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If I’m ever in London, I think I’ll go to the Speaker’s Corner – that point where Oxford Street and Hyde Park meet, in the shadows of Marble Arch – and carry on an oral tradition that is becoming somewhat lost to a modern culture of email and online chat rooms. For over 150 years, Speaker’s Corner has been one of London’s most eccentric attractions. Soapbox central! There, with a large clenched Dunhill group 6 billiard, containing smouldering Pirate Kake, and reeking of 70% Latakia – my chest festooned with a large placard bearing the likeness of Alfred Dunhill – there I shall read out the proclamation entitled “Why I smoke a pipe”. Should be able to get through the first several paragraphs before the Bobbies cart me away in a white coat!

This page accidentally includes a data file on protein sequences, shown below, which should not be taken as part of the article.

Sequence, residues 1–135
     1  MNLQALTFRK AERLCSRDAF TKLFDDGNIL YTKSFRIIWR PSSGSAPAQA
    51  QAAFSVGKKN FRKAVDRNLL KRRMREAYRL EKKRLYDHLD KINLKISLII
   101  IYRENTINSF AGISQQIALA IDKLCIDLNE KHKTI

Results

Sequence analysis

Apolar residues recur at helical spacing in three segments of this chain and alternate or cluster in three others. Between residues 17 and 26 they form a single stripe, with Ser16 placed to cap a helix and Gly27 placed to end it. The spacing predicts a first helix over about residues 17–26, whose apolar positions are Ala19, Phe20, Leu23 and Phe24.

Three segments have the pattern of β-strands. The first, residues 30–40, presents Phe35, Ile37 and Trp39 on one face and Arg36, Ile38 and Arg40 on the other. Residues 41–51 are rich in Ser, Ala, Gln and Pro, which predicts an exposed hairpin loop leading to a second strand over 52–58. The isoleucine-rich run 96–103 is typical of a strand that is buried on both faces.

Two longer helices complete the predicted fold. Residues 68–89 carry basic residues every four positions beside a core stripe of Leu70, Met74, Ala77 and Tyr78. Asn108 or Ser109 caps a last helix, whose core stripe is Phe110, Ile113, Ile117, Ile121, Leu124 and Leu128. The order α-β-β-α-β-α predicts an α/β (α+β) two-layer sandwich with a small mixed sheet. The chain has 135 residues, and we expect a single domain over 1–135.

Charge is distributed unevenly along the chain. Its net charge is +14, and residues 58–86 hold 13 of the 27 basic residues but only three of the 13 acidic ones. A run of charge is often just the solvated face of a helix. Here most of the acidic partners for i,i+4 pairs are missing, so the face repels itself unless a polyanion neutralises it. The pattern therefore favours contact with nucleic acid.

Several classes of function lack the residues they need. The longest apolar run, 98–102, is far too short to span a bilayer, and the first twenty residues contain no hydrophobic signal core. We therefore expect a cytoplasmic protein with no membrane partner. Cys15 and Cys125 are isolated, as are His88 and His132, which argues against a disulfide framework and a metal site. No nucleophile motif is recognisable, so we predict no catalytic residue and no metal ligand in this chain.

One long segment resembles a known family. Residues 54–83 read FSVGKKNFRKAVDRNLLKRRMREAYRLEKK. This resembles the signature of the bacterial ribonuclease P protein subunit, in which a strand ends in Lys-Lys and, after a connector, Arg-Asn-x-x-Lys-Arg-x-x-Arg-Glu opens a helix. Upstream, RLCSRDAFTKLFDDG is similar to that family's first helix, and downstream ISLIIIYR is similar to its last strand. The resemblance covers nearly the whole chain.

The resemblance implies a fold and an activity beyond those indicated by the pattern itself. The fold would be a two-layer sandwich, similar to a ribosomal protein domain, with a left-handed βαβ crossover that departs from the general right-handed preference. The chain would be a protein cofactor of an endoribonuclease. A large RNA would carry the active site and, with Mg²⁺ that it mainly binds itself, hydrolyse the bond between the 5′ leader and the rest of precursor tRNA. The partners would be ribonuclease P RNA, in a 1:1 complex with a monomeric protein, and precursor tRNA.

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Parting thoughts -
My comments were: “Wow! I am dumbfounded. Personally I don’t give a hoot how pipe smokers are perceived by the wider society. I smoke a pipe throughout the day because I am a pipe smoker. Period. I smoke in private and I smoke in public. I also smoke in the can. If someone has a problem with it, they can contact my lawyer. Really, I could care less what others think of me and my pipe. Life is short enough as it is to worry about what the neighbors think. Get a life. Smoke a pipe. And let’s try not to think too deeply about it. Eh?”

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5 Responses to Why I smoke a pipe – Eric Boehm

  1. Eric Boehm says:

    Thanks Steve for kindly reprinting this. Cheers,

  2. David G. says:

    Wonderful………thank you,

  3. Bri2k says:

    An excellent essay, Eric and I couldn’t agree more!

    These anti-smoking idiots thing they’re going to live forever. I’ve got news for them, that’s not going to happen. Furthermore, I believe it’s the quality of life, not the quantity, that matters.

    My smloking lamp is always lit!
    Bri2k

  4. Dave Cooley says:

    Well said Eric. Between you, and the listed pipe smokers, I feel I am in very good company. Thank you for speaking up for pipe smokers world wide.